While Russian Foreign Minister Sergey Lavrov responded positively to President Barack Obama’s invitation for Russia to join the US-led anti-ISIS coalition (“Foreign Minister Sergey Lavrov’s interview with Rossiya Segodnya,”; Foreign Policy News, Ministry of Foreign Affairs of Russia; December 11, 2015), the US Department of Treasury revealed that the Russian-sponsored Assad administration is the greatest customer to buy oil from ISIS while both are fighting each other (“US official details who’s buying the bulk of ISIS oil”; New York Post; December 10, 2015). In addition, Russian Su-34 Fullback fighters use Iranian air force bases for a reliable pathway to conduct air strikes in Syria, and bombers such as Tu-95 Bear, Tu-160 Blackjack, and Tu-22 Backfire are even escorted by Iranian fighters (“The Russo-Iranian Military Coalition in Syria may be Deepening”; AEI Critical Treats; December 14, 2015). Here again, Frederick Kagan warns of the danger of the Russo-Iranian axis. Actually, Iran tested Ghadr -110 ballistic missile for the second time since the nuclear deal was concluded (“Iran violated nuclear deal with second ballistic missile test last month, U.S. officials say”; UPI News; December 8, 2015). Obviously, that is the Iranian Monroe doctrine for Shiite dominance and the elimination of Western influence in the Middle East.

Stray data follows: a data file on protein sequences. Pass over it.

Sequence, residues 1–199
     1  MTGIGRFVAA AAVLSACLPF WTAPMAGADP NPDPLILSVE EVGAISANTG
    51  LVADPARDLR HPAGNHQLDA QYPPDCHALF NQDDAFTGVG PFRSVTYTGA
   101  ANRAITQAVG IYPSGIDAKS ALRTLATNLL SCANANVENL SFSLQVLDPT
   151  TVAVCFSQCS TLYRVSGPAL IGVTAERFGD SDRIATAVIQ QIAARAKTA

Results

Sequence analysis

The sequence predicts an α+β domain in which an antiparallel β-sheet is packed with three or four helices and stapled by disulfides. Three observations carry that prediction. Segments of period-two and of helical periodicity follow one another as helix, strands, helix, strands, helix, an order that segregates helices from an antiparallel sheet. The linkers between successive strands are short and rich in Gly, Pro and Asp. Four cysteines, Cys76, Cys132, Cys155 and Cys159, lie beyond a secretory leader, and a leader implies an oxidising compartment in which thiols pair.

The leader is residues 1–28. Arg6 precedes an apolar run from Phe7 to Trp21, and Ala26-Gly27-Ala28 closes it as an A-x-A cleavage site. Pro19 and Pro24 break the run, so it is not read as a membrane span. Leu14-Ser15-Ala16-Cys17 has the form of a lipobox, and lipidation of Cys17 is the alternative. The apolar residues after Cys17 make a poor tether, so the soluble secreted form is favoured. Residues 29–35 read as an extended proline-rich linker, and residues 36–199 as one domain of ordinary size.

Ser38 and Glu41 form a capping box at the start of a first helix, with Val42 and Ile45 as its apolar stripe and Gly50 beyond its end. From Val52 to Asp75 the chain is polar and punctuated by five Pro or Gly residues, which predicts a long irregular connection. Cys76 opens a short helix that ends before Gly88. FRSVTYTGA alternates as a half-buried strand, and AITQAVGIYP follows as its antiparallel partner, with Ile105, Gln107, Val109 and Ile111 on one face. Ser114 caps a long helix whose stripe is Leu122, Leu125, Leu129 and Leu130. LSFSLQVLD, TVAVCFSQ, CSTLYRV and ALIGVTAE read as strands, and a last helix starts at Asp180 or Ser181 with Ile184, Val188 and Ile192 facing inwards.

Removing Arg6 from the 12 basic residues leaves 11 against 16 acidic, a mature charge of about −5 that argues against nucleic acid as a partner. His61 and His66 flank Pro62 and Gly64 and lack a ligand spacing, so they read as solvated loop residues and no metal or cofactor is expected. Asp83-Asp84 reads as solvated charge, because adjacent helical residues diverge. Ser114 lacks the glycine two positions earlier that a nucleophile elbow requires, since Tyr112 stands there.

Furthermore, we have to remember that Putin’s vital interest in weakening NATO, and that was typically seen in the Russo-Turkish clash. In order to help Assad, Russia conducts air strikes in Turkemen areas in Syria, which was extremely provocative for Turkey. There is no wonder that Turkish F-16 shot down Russian Su-24 on November 24 (“Russo-Turkish Tensions Since the Start of the Russian Air Campaign”; AEI Critical Threats; November 24, 2015). Turkish Prime Minister Ahmet Davutoğlu commented that the Russian presence in Syria was dangerous because they are “two separate coalitions with different goals”, shortly after the accident (Turkey: “Additional accidents are likely to happen”; Jerusalem Post; November 29, 2015). Even prior to the plane crash, Russia confronted Britain as RAF Tornadoes operating in Iraq loaded aerial combat missiles in preparation for possible crossfire against Russian fighters in Syria (“Cold War 2015: Russia 'FURIOUS' after RAF pilots cleared to shoot down Moscow warplanes”; Daily Express; October 13, 2015).